What are the implications for your business services clients?
Business services firms are being asked to take the headache away from their clients—financial institutions—by building capabilities to execute on non-core functions that currently reside within financial institutions. We therefore encourage them to build more offerings through a product platform. By creating a marketplace where, either through proprietary tools or through alliances, they fulfill more client needs, they can streamline their service delivery, establish more value and market power and ultimately make clients’ lives easier.
How does the drive towards automation you mentioned earlier figure into all of this?
Technology is now enabling disintermediation that was earlier neither possible nor scalable. Machine Learning is now steadily delivering lower errors than the best performing teams for repeatable tasks. Along with Neural Networks and Deep Learning, Artificial Intelligence now has mainstream business applications, and the resultant automation and digitization enable us to collapse speed-to-delivery and cost-to-serve. Customers want everything tomorrow, and there’s nothing wrong with that. Our goal, therefore, is to make our client’s tangible assets “sweat” more, either by delivering more units within the same period of time or by creating proprietary digital assets to replace them.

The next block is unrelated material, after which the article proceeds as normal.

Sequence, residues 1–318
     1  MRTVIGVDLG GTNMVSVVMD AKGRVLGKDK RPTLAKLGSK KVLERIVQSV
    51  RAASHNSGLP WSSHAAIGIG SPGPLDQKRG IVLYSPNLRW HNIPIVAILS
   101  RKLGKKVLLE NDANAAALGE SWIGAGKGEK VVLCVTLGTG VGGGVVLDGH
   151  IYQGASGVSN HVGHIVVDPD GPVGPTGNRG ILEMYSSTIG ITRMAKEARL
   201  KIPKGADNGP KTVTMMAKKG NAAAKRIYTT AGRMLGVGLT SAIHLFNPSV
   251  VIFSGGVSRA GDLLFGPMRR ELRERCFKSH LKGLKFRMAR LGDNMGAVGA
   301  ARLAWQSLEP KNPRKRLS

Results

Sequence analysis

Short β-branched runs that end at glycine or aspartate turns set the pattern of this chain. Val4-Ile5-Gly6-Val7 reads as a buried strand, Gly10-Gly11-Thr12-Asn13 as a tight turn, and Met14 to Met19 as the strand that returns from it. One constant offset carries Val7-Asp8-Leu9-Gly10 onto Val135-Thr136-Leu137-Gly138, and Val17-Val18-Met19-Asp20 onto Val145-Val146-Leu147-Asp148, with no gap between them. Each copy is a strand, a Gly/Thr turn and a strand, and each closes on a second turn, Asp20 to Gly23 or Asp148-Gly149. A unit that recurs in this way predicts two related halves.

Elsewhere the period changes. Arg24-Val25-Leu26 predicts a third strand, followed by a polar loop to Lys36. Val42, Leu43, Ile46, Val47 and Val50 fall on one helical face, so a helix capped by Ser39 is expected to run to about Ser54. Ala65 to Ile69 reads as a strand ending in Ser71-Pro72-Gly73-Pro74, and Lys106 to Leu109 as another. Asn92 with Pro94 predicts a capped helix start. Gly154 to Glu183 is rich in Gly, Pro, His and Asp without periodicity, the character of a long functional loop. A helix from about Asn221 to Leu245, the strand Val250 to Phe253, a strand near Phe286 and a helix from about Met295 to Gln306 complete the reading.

What other trends are shaping the industry?
One big trend in the B2B space is that the definition of “good” is converging across industries. Clients used to have very siloed expectations about what a good customer experience looks like. Now, thanks to the Amazons of the world, people suddenly know what to expect, and it’s no longer okay for, say, clients of a basic materials or mining firm to receive shoddy customer service. That has never been the case before, especially in B2B, where stellar customer service was close to non-existent.
Another trend has to do with regulations. In the same moment, we’re becoming a global village, but we’re also subject to more governance at each step. In this increasingly complicated world, the firms that build a strong GRC—governance, regulation, and compliance—capacity are starting to use it as a competitive advantage, because it affects speed-to-market and overall cost of doing business. A firm like Chase, which has a fantastic GRC framework, can seamlessly navigate in India, China, Vietnam. Wells-Fargo, on the other hand, does not have the same level of cross-border experience, so as they start to expand internationally, it will take longer and be more expensive.